Ace suggests that “that distinction has obviously persisted, even in America, with the ingrained sort of idea that a low-level associate producer making crap money and rote choices on an MSNBC daytime talk show was somehow “above” someone making real command decisions in his occupation, like a plumber. And this sort of idea is very important to that low-level producer at MSNBC, because by thinking this way, he puts himself in the league of doctors and engineers.”

(The same prejudice can be seen in terminology currently used in discussions of community colleges and technical schools: that these institutions are needed to train people for “mid-skill” jobs, with the implied assumption being that people with 4-year degrees automatically have higher-skilled jobs than people with fewer years of seat time. Really? An undergraduate sociology major performing some rote job at a “non-profit” is doing something requiring higher skills than a toolmaker or an air traffic controller?)

4) Marriage, and even serious dating, seem increasingly to follow class boundaries, with “class” being defined very largely by educational credentials. Part of this is due to expanded educational and career opportunities for women—the doctor who once would have married his receptionist may now marry a female doctor—but a good part of it is, I think, due to the very high valuation placed on educational credentials. This phenomenon, of course, tends to lead to the solidification and perpetuation of class barriers.

5) People who have achieved success in one field too often assume a faux expertise in unrelated fields, as with the actor or singer who is credited with having something worthwhile to say about foreign policy or economics irrespective of lack of study/experience in those fields.

6) People who have achieved success via the manipulation of words and images have increasingly tended to discount all other forms of intelligence…for those who attacked George W Bush as “stupid”, for example, the fact that he learned to fly a supersonic fighter (the F-102, not the most pilot-friendly airplane ever designed) was a totally irrelevant piece of data.

(An interesting 1954 pulp novel, Year of Consent, posited a future America that was in reality run by those manipulators of words and image..a fact that many people in high level positions have failed to recognize…”“Even the biggest wheels only know part of it.  They think the Communications Administrative Department exists to help them–and not the other way around.”)

7)  Markers that have played a role in assessing class status in many societies–accent and manner of speech, in particular—seem to be becoming increasingly important. This factor had a lot to do with the hostility directed toward Sarah Palin as well as that directed toward George W Bush. Had these two individuals spoken in the manner expected of one who has attended boarding schools and expensive eastern colleges–regardless of the academic quality of those schools and colleges–their critics would still have probably disliked them, but the hostility would have lost much of its hysterical edge.  (The point about manner of speech also applies to some extent to the extreme hostility directed toward Donald Trump, who of course actually did attend one of those expensive eastern colleges, but comes across as more blue-collar and less Ivy in manner of talking.)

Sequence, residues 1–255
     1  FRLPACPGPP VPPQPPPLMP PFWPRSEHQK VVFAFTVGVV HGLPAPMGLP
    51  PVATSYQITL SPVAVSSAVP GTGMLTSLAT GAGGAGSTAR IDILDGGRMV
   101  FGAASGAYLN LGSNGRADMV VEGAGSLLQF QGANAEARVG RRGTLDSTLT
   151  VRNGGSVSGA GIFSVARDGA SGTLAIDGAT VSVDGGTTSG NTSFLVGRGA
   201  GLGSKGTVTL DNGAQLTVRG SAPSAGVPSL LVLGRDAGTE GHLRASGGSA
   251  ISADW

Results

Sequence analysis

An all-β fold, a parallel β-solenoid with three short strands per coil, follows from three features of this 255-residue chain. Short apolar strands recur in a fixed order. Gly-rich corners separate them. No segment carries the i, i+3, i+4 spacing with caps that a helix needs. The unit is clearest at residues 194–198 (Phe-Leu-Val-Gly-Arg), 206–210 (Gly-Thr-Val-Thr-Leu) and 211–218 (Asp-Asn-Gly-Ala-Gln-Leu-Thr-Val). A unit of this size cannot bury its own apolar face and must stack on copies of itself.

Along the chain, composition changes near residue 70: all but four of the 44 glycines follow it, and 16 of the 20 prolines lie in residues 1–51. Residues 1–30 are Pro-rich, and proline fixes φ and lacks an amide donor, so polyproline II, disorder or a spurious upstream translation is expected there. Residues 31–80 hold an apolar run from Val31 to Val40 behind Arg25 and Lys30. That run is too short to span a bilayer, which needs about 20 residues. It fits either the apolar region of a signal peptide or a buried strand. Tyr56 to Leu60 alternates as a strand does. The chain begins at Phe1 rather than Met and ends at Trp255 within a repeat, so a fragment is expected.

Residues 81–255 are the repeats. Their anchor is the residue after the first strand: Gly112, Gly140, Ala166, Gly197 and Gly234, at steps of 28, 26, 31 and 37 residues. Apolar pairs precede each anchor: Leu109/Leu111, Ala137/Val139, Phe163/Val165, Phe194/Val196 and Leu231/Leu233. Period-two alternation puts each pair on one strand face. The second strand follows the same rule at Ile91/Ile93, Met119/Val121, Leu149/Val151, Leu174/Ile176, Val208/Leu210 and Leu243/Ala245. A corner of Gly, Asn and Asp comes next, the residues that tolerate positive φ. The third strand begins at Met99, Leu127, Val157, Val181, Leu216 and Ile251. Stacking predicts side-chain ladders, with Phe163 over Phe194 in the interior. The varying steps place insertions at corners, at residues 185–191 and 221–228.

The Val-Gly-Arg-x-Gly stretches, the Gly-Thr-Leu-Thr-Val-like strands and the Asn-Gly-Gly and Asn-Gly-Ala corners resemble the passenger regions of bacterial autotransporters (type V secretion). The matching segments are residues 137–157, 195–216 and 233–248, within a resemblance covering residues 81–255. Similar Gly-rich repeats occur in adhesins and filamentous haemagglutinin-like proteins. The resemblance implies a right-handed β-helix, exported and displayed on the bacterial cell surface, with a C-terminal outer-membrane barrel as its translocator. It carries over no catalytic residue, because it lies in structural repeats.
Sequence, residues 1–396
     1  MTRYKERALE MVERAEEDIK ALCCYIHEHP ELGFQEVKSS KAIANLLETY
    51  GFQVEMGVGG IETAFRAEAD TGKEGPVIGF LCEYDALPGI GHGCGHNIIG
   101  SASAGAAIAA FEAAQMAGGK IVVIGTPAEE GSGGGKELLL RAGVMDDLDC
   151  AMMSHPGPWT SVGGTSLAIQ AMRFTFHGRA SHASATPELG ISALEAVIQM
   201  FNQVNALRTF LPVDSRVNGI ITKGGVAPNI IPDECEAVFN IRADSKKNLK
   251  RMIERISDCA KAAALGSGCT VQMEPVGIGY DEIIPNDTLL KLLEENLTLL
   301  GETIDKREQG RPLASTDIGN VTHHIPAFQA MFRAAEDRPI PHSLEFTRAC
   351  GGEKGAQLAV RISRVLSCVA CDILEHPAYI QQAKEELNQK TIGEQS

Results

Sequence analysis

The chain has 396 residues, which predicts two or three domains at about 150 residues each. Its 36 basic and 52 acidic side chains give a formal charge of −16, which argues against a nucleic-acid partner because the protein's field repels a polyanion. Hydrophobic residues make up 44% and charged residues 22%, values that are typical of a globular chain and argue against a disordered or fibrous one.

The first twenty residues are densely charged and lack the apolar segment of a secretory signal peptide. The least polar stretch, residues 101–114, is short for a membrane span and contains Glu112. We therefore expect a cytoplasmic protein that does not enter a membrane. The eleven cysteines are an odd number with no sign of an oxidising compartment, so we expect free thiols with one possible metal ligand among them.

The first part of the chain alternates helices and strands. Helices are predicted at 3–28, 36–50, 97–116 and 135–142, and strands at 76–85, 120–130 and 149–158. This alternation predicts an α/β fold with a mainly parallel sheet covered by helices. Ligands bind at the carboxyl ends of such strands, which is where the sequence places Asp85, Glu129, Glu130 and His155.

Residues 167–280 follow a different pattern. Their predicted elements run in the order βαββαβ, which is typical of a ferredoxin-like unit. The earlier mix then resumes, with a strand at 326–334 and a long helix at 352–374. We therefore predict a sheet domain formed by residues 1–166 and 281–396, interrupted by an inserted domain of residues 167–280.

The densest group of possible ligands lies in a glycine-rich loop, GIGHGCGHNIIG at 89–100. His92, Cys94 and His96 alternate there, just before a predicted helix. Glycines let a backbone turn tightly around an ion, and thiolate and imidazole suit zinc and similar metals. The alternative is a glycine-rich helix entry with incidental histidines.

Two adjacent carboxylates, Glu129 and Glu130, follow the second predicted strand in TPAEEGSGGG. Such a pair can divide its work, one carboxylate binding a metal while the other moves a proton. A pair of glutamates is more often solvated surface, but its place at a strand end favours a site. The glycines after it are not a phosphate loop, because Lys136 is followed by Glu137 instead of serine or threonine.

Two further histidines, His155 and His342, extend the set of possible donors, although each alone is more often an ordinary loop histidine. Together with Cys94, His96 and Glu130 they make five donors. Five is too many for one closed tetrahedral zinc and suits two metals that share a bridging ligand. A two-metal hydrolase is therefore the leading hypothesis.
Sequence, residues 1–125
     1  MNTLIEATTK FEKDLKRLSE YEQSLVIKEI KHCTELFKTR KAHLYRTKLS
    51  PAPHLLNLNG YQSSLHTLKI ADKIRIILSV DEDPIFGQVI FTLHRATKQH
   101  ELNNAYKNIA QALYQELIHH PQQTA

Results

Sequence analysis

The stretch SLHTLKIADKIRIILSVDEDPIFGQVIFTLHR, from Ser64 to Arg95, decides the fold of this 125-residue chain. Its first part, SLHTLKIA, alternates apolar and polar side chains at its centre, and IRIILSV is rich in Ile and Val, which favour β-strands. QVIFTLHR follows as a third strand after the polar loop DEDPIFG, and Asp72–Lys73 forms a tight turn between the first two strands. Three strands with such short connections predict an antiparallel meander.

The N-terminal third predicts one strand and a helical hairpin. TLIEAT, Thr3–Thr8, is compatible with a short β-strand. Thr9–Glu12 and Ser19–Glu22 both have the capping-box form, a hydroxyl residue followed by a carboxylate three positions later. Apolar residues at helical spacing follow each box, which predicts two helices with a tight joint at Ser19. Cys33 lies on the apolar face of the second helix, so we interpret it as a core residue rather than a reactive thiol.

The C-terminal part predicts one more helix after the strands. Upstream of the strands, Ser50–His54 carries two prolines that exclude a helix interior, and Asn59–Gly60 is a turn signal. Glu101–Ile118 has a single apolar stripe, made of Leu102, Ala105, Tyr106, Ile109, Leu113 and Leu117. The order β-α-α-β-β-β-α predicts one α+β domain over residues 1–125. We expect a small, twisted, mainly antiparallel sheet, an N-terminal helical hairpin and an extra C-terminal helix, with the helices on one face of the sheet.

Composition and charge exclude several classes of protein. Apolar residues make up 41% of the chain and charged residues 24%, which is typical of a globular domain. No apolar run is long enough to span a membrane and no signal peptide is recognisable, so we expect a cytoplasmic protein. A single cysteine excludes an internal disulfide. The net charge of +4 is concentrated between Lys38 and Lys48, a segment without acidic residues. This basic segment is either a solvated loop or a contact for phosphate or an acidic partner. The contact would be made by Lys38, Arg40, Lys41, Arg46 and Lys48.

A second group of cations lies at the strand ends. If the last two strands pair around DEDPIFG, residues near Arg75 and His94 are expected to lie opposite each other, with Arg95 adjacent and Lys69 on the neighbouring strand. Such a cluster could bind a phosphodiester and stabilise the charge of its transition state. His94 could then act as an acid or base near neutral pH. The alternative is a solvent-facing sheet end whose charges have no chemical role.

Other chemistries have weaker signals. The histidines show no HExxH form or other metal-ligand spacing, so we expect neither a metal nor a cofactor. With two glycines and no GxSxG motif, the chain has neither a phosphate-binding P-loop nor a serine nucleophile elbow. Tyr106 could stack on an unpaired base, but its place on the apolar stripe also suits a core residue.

8) There is concern that those providing direction to institutions increasingly bear little of the burden for their own failures. This is especially true of government–particularly the legislature and the courts, where a bad decision will generally have no negative consequences whatsoever for the individuals making it and of those who run the K-12 government schools–but also to a disturbing extent in the business world, especially with regard to those corporations with close ties with government and those in the financial sector.

9) There is concern that the people directing institutions increasingly have life experiences totally different from their employees and customers. Many of the “robber barons” of yore had actually started as low-level workers, and regardless of how much they exploited their own workers, they could understand and identify with them in a manner that is very difficult for someone whose path has involved 6 years of college followed by a series of fast-track corporate assignments.

10) In addition to the previously-mentioned overemphasis on educational credentials, it is accurately perceived that there is now a movement toward granting special privileges–in the sense in which that term was applied to the nobility at the time of the French Revolution–to those who are college-educated and especially those who have acquired advanced degrees. Biden’s student-loan ‘forgiveness’ plan would mean that if two people are working side by side doing the same job, the one who did not attend college–or did not get an expensive and debt-funded degree–would be legally required to subsidize the one with the expensive degree and the big loan. This is reminiscent of the French nobility’s exemption from taxation.

11) There has long been a perception that members of one profession–lawyers–play a vastly disproportionate role in our political process, resulting in public policies that benefit that group and that often fail because they reflect an excessively-narrow worldview and set of life experiences.  In recent years, that critique has expended to encompass those in the financial and technology industries.

So, I don’t think the issues being raised are really about the existence of elites so much as they are about the current structure of many elite and faux-elite groups and the characteristics and performance of those who currently inhabit them.